Driving to Arlington a few weeks ago for what turned into a wild goose chase, I was stunned at the downright idiotic driving. A number of cars on the verge of stopping in the middle of the highway, not using headlights and following cars too closely. The worst part of the incredible chaos was that it was all caused by drivers who were clueless of precautions to take when driving in rain. Yes, the roads were a bit hazardous that day, and I understand that people were just trying to prevent accidents in their overly cautious reduction of speed. I’ll be the first to admit that I am very conservative in my driving in potentially treacherous weather conditions and drive the speed limit or slower if the roads are dangerous. But coming to a standstill in the middle of a highway was absolutely beyond me.
Being from Maryland, where it rains on a regular basis, I am used to driving in wet conditions. I understand that driving in rain is something that Texas natives are not used to, and after that unbelievable sight, I feel that they could use a few good driving tips to avoid potentially fatal driving situations that are subject of unfortunate news headlines.
My first tip to all drivers is to turn on their headlights at the first sign of precipitation. Using headlights is so beneficial to visibility in bad driving situations, a fact often unnoticed by drivers in this area. There is a law in Maryland where if it is necessary to use windshield wipers, than headlights must be on – that should surely be instated in Texas.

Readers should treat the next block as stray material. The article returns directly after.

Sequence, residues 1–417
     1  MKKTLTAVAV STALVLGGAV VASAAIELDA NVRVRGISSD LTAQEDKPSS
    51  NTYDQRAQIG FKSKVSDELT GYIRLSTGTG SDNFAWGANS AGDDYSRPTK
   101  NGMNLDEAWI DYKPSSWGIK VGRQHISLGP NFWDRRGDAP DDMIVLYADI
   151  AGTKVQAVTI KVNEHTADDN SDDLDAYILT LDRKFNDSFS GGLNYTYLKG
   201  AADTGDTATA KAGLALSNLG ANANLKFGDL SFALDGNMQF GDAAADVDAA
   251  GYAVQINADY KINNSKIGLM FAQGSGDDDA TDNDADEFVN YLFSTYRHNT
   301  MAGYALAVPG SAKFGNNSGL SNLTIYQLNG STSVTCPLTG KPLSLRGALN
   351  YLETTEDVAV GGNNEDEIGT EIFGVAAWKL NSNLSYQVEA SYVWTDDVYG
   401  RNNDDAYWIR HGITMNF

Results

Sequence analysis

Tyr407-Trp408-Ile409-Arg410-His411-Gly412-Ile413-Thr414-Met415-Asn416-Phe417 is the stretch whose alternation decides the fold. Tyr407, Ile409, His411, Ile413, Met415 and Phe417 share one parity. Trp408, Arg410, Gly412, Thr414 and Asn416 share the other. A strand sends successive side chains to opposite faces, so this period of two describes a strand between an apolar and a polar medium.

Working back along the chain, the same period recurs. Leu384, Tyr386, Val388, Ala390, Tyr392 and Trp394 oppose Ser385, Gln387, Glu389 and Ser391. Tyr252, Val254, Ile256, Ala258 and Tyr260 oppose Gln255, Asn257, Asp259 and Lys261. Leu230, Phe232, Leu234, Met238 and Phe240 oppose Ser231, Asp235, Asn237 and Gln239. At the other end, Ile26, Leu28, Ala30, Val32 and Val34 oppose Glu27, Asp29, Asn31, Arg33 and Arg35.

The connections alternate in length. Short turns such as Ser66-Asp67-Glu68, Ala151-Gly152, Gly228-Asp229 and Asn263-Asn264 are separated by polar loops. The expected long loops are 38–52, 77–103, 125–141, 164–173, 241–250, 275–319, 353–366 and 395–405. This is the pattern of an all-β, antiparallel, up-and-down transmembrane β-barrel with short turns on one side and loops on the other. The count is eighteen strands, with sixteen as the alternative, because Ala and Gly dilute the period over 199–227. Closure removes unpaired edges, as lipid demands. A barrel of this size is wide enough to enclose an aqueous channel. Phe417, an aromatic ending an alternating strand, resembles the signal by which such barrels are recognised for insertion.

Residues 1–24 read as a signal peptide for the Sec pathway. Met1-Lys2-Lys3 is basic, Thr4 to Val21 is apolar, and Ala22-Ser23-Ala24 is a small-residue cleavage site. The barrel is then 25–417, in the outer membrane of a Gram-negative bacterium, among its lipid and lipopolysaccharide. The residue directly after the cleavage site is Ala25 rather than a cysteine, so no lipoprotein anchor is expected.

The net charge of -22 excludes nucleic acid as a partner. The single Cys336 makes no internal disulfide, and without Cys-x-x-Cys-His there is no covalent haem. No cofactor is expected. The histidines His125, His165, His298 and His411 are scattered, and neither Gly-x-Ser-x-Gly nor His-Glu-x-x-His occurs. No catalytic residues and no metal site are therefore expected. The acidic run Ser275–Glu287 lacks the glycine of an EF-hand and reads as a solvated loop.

In addition to headlights, drivers should take into consideration that stopping time and distance in the rain is greater than on dry roadways. Therefore, it is necessary to give more space to surrounding vehicles. Even if the car ahead of you is going slower than a steamroller, following too closely is not going to make them want to go any faster, and is a surefire way to cause an accident.
Texas drivers should consider better judgment of driving speed on wet roadways. A few drops of rain should not immediately trigger a standstill on a highway, as those approaching at a normal speed may not be able to slow down in time to avoid a pile-up accident. Instead, drivers should be encouraged to judge their speed based on the amount of rainfall, and, of course, to consider keeping close to the speed of surrounding drivers.
The first measure to improve the driving conditions on Texas roadways could include a day in drivers’ education classes on driving in hazardous weather. A whole session in all Maryland drivers’ education classes is dedicated to driving in bad weather, which generally has a great outcome.
It is also necessary to consider that in Texas rain is infrequent, making roads even more dangerous. Perhaps drivers should use precautions to an even greater extent after droughts, as this is often a time when news headlines of fatal accidents are most disconcerting.
A final thought on driving in rain – surrounding drivers’ lack of caution is often the cause of bad situations, regardless of your own driving skill.
Now, maybe people from Texas can give those of us from cooler climates tips on how to deal with oppressive heat.
Becky Schiffer is a junior biology major from Gaithersburg, Md.